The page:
JUL 21, 2017 06:40 AM PDT

Phobos Photobombs Images of Mars Taken by the Hubble Space Telescope

NASA’s Hubble Space Telescope does more than just observe the distant cosmos; it also peeks at the nearby objects in our solar system.

In a photo shoot involving Mars, Hubble Space Telescope grabbed 13 separate exposures that appear to have one of Mars’ moons (Phobos) swinging from around the back of the planet as it carries out its typical orbit.

Phobos: Sneaky? Perhaps. Photobomb? Absolutely.

Image Credit: NASA/Goddard Space Flight Center

Related: Why does Phobos have that giant crater?

All 13 of the exposures have been put together in a time lapse in NASA's new YouTube video below:

Phobos is nothing like the Earth’s Moon. Instead, at just 11-16 miles wide, Phobos is tiny and insignificant compared to Mars in the images. The Martian moon was originally discovered alongside Deimos (another moon orbiting the red planet) back in 1877 by American astronomer Asaph Hall.

Phobos completes an orbit in under eight hours, so over the 22-minute course of these exposures taken in May of 2016, it appeared to be moving very quickly.

A couple more things worth noting, Phobos is one of the smallest moons in the solar system, and it orbits more closely to its host planet than any other moon in our solar neighborhood does. Researchers believe this combination could spell out a recipe for disaster.

It all comes down to how Phobos could eventually be shredded apart by Mars’ gravitational forces. While it may not happen for another 20-70 million years, it could result in Mars gaining planetary rings, similar to those surrounding the larger gas planets further away in our solar system.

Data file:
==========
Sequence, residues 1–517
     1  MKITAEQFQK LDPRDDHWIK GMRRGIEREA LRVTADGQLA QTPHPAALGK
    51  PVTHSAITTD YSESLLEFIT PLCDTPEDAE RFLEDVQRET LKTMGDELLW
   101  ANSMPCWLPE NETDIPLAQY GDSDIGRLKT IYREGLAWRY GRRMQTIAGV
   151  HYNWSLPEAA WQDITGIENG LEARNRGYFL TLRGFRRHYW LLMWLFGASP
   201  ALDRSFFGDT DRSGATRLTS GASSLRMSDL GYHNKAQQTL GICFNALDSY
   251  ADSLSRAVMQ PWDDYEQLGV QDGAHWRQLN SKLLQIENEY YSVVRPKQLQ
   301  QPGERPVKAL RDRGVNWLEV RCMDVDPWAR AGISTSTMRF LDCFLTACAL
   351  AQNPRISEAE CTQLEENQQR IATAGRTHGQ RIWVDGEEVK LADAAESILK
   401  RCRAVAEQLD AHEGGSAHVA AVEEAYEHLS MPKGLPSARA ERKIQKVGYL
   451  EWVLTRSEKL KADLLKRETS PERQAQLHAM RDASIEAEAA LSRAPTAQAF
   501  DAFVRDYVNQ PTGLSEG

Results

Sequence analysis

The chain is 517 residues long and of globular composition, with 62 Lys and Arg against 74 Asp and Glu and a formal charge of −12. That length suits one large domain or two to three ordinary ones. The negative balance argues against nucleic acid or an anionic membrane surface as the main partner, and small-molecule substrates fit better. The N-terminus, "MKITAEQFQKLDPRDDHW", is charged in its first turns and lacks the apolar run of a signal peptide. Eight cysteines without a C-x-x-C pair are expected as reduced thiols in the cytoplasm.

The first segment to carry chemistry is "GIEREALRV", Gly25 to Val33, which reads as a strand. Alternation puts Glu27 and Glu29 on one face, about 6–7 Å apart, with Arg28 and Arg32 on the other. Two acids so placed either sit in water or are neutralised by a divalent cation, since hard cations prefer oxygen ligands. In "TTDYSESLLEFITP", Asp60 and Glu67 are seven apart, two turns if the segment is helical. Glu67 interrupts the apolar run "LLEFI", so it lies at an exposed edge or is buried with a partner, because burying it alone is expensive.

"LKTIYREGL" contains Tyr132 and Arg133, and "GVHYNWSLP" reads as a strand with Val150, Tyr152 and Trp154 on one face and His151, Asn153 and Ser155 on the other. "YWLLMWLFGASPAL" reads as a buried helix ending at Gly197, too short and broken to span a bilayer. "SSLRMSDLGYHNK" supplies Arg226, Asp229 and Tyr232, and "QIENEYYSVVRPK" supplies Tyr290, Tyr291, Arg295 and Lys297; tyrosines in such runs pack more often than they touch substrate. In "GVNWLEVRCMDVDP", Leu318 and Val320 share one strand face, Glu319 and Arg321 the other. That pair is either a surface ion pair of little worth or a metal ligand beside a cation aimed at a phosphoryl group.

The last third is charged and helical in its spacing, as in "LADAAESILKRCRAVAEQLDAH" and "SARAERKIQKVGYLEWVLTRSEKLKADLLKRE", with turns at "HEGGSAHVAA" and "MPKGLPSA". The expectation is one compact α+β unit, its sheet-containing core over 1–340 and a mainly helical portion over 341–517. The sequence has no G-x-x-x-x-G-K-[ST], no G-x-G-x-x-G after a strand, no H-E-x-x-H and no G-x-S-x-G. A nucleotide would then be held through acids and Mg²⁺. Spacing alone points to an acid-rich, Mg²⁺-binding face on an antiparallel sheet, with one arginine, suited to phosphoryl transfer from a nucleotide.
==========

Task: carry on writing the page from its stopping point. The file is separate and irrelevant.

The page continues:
Phobos has tons of striations across its surface that suggest the moon is going through tidal stresses because of the gravitational unease. These were the first clue of Phobos’ inevitable fate.

Related: Where did these crater trails on Phobos' surface come from?

While researchers don’t know exactly where Phobos came from, its composition appears to be like that of asteroids. With that in mind, an asteroid belt wanderer may have been snagged by Mars’ gravity at one point or another, resulting in the moon we see today.

While it isn’t the first time we've spied Phobos, and it probably won’t be the last, it’s still cool to see these things from Hubble’s perspective.

Source: NASA

About the Author
  • Fascinated by scientific discoveries and media, Anthony found his way here at LabRoots, where he would be able to dabble in the two. Anthony is a technology junkie that has vast experience in computer systems and automobile mechanics, as opposite as those sound.
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